Joseph Winkler praises It’s Always Sunny as the fun, nasty antidote to the bright sincerity of most other shows, such as “Parks and Recreation, Modern Family, Raising Hope, and even 30 Rock”:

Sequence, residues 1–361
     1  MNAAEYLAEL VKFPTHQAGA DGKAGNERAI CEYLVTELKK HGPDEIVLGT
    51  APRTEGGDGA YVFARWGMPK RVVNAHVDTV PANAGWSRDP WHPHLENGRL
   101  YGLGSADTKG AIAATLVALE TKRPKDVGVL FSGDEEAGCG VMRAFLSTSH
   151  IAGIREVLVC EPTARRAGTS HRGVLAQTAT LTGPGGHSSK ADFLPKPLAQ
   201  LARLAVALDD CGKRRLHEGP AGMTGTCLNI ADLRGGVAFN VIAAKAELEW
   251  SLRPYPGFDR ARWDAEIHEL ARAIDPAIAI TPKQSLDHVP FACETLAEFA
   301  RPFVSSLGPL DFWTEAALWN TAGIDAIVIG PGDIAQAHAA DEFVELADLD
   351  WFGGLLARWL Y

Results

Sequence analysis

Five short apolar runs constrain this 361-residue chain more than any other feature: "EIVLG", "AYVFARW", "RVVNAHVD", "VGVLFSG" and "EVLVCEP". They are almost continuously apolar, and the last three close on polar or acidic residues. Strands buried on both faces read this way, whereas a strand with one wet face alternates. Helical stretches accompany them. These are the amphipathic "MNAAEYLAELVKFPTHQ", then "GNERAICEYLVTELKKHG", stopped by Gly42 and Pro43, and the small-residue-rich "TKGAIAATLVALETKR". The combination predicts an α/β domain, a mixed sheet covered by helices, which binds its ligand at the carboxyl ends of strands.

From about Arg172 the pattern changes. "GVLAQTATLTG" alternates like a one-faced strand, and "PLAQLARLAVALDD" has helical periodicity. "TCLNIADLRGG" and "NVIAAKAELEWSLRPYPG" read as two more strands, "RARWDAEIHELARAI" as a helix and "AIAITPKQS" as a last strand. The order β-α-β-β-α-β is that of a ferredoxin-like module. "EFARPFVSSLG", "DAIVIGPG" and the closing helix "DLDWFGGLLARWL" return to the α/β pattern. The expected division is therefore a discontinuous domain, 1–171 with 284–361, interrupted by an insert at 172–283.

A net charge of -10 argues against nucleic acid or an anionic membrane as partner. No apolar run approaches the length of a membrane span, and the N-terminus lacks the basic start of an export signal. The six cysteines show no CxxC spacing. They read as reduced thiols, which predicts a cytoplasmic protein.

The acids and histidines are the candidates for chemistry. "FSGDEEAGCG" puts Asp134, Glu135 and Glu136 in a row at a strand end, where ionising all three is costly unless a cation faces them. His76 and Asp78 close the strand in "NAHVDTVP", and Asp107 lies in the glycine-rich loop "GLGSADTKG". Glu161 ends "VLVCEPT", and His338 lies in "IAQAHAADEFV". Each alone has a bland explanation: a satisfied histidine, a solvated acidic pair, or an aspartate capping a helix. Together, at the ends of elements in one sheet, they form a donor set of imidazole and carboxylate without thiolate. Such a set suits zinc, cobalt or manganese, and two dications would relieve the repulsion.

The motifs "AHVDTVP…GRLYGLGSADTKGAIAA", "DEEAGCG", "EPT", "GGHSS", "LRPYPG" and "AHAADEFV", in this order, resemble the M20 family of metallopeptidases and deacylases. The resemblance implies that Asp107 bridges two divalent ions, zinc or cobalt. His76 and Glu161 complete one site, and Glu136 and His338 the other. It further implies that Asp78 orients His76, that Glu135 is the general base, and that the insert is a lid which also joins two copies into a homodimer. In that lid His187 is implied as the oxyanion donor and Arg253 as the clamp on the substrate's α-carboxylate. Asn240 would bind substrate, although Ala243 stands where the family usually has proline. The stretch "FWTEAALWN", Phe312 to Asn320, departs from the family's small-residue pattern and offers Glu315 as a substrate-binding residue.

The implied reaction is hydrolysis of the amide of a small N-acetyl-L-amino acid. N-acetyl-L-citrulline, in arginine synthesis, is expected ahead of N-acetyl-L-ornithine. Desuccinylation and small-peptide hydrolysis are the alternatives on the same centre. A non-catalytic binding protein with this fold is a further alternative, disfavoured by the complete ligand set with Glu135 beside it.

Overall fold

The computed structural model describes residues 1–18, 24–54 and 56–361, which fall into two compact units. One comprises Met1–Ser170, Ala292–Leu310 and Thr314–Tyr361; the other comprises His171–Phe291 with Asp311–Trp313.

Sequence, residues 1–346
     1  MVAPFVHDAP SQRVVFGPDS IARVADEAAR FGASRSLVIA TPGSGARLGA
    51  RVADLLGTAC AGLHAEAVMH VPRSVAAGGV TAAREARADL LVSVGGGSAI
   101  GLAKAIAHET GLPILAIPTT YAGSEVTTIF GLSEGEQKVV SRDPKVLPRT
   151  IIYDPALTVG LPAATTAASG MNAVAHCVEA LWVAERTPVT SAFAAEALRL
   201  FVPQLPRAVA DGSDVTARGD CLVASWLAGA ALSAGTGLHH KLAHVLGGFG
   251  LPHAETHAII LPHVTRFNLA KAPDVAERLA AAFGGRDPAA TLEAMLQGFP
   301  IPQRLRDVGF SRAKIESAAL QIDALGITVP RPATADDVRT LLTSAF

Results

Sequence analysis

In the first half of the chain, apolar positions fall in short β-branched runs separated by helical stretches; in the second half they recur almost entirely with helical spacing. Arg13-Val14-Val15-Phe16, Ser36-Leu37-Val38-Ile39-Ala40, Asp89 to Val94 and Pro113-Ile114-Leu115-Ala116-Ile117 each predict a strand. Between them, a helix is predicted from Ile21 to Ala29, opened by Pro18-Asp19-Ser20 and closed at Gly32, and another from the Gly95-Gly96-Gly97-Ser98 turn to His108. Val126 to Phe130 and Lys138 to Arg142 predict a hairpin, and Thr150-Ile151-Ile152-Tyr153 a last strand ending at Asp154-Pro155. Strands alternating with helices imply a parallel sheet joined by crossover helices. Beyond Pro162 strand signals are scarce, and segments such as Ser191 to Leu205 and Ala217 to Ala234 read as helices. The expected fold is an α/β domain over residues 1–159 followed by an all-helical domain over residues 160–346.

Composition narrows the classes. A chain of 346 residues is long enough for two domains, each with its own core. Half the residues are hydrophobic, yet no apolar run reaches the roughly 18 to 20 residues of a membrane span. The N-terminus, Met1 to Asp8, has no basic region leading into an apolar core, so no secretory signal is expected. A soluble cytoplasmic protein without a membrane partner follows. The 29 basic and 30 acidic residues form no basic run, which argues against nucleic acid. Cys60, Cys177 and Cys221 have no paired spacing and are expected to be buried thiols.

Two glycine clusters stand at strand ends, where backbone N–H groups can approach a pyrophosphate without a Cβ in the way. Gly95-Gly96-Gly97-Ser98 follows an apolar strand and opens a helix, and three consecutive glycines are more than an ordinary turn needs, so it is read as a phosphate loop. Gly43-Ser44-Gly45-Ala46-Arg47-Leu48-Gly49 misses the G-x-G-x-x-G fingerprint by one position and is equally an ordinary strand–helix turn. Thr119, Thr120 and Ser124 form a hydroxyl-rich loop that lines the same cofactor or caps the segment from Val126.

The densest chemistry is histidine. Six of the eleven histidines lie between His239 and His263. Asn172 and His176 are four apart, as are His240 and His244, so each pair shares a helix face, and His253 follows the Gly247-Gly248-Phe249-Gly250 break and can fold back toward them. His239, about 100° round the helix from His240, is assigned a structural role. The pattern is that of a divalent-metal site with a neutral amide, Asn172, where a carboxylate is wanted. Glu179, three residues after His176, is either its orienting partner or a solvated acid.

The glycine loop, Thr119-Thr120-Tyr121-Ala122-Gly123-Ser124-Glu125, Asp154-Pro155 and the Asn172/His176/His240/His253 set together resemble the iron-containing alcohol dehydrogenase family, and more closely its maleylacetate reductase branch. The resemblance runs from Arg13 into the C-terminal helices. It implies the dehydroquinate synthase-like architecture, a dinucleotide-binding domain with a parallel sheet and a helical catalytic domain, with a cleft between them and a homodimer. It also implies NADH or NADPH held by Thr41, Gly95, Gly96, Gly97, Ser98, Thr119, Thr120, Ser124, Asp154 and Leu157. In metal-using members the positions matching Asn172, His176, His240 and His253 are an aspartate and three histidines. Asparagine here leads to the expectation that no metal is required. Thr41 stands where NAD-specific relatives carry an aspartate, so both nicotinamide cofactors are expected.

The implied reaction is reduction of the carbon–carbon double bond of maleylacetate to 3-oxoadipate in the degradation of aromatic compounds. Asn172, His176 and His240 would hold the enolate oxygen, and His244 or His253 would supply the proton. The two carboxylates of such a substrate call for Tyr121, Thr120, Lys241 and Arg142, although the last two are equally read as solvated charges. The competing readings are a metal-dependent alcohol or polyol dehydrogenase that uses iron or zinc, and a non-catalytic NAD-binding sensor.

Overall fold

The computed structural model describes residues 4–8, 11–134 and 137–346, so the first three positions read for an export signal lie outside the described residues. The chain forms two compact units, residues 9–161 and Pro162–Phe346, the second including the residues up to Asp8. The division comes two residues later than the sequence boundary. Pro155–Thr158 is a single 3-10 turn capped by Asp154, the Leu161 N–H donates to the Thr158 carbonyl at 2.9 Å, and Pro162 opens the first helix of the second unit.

[If] any sin can be said to exist in the amoral world of It’s Always Sunny in Philadelphia, it is the sin of boredom, which is perhaps its most scathing satire and commentary in the world of sitcoms. A sitcom essentially takes life situations and makes them less boring through unlikely, quirky, and slightly absurd twists. Something always happens in a sitcom — someone gets sick, or a miscommunication causes problems — but there is always a resolution, and in hindsight, the conflict was wholly innocuous. Sitcoms often try to depict TV life as a considerably less boring version of our lives, but that their reach is so limited often makes the shows boring in of themselves. (A county fair gone awry, Tracy Jordan is acting up again!). That our sitcoms, embroidered versions of our lives, start to feel boring is a testament to the prevalent sterility and innocuousness of our daily lives (Wake up, go to work, come home, family time, watch TV, et cetera). It’s Always Sunny in Philadelphia, if only for a mere twenty-two minutes a week, gives us a chance to enter a world without stakes; their idle schemes are the elixir for our idle generation.